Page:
On MSNBC's PoliticsNation last night, Omarosa said that Trump is probably too unhealthy to run for president for real. "I don't know if he will even be healthy enough to run in 2024 and I think he needs to come clean to the American people about where he is on that before getting into a very stressful and strenuous race for the White House." And this morning, on Good Morning America, former Trumpanzee press secretary Stephanie Grisham told George Stephanopoulos that she made a mistake to have ever worked for Trump and now wants to, she said "in whatever way I can, educate the public about the behaviors within the White House, because it does look like he's going to run in 2024." Her tell-all book, I’ll Take Your Questions Now: What I Saw at the Trump White House, will be released tomorrow.
When pressed by Stephanopoulos on her enabling a culture of casual dishonesty in the White House by never holding a formal briefing, Grisham agreed.
She said she is starting to believe that Trump will wage another bid for the presidency in 2024, pointing to the fact that he is the GOP frontrunner and that a number of Republicans have shown their fealty to him.
She, however, said she hopes her former boss does not run again. She said a second Trump term would be about revenge because he will not have to worry about reelection.
“He will probably have some pretty draconian policies that go on,” Grisham said. “There were conversations a lot of times that people would say, ‘that'll be the second term, that'll be the second term,’ meaning we won't have to worry about, you know, a reelection.”
...Grisham, when asked what she would say to Trump if he were sitting at the interview table, said she would ask him not to run in 2024.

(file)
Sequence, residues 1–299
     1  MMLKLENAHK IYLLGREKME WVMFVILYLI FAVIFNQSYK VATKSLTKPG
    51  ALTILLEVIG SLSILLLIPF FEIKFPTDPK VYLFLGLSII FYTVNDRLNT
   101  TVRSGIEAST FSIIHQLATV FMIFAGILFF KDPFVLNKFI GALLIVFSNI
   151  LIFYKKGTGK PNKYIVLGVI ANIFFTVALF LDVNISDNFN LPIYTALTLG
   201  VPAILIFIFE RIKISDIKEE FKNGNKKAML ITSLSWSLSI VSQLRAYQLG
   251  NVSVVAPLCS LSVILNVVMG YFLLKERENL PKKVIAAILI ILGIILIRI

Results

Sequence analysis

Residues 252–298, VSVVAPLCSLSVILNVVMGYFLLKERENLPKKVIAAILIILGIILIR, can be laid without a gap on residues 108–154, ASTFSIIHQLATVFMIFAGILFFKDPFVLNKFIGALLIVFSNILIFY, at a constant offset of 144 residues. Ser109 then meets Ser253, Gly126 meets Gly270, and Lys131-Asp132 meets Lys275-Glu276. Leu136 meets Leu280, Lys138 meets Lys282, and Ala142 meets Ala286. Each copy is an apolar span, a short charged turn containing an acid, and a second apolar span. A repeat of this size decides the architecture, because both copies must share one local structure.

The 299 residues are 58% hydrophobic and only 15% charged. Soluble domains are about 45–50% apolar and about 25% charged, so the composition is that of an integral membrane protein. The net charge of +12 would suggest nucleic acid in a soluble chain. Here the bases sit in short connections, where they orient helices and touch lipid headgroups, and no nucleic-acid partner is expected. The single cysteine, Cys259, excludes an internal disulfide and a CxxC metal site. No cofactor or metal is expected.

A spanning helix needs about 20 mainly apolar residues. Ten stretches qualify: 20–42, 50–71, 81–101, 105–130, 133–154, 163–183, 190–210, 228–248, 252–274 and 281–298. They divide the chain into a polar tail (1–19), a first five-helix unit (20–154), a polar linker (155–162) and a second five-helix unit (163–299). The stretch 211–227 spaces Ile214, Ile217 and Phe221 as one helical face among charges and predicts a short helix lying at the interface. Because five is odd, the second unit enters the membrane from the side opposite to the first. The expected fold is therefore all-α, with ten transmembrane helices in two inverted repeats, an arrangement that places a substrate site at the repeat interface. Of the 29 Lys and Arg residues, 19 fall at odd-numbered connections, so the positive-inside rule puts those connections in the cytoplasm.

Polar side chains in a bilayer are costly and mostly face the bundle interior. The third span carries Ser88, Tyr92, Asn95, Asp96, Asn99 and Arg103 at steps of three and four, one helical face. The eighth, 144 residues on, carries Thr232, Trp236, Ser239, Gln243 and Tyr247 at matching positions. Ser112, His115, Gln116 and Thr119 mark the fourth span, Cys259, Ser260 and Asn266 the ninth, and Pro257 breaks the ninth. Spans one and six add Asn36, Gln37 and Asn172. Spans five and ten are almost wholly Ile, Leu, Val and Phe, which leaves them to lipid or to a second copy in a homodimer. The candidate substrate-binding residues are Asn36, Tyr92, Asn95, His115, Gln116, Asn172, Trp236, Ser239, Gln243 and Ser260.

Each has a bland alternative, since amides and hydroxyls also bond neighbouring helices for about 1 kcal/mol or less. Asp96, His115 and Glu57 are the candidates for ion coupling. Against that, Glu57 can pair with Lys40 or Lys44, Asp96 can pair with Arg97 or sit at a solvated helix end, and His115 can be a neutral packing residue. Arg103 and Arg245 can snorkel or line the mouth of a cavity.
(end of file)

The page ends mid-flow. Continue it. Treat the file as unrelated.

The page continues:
Meanwhile, writing for the Washington Post this morning, Michael Shearer and Josh Dawsey reported that "As turmoil in Afghanistan reached a crescendo in August [Señor T] began talking again with advisers about whether he should announce his 2024 campaign for president right away. They responded by urging patience, according to three people familiar with the discussions, who like others spoke on the condition of anonymity because they were not authorized to speak publicly. An announcement would force a reshuffling of his newly formed fundraising apparatus, advisers argued, and could complicate his ability to appear on broadcast television without triggering equal time rules. Some of his advisers were concerned that Democrats might use his announcement in their effort to frame the midterm elections around his candidacy, potentially boosting their own turnout and hampering his plans if Republicans fall short next year."
Trump is making aggressively hostile sounds in terms of potential rivals for the nomination. He told Yahoo News that he would beat Ron DeSantis in a primary battle. "If I faced him, I'd beat him like I would beat everyone else. I don't think I will face him... I think most people would drop out, I think he would drop out."